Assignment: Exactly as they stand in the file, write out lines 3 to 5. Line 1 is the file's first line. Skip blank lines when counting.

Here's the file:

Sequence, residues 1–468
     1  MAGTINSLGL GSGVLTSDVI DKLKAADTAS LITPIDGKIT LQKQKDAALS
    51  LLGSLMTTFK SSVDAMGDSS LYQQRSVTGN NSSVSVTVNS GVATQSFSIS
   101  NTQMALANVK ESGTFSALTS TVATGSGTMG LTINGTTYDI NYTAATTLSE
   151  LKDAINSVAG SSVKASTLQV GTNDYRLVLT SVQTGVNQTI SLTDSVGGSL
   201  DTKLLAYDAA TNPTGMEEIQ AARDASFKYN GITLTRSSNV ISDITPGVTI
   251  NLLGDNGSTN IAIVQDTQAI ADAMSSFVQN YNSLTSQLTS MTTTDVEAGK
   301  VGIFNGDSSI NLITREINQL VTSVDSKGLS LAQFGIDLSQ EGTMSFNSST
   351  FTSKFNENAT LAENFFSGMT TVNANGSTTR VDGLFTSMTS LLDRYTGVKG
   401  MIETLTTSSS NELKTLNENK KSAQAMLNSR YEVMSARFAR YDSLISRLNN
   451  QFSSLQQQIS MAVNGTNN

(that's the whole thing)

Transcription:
    51  LLGSLMTTFK SSVDAMGDSS LYQQRSVTGN NSSVSVTVNS GVATQSFSIS
   101  NTQMALANVK ESGTFSALTS TVATGSGTMG LTINGTTYDI NYTAATTLSE
   151  LKDAINSVAG SSVKASTLQV GTNDYRLVLT SVQTGVNQTI SLTDSVGGSL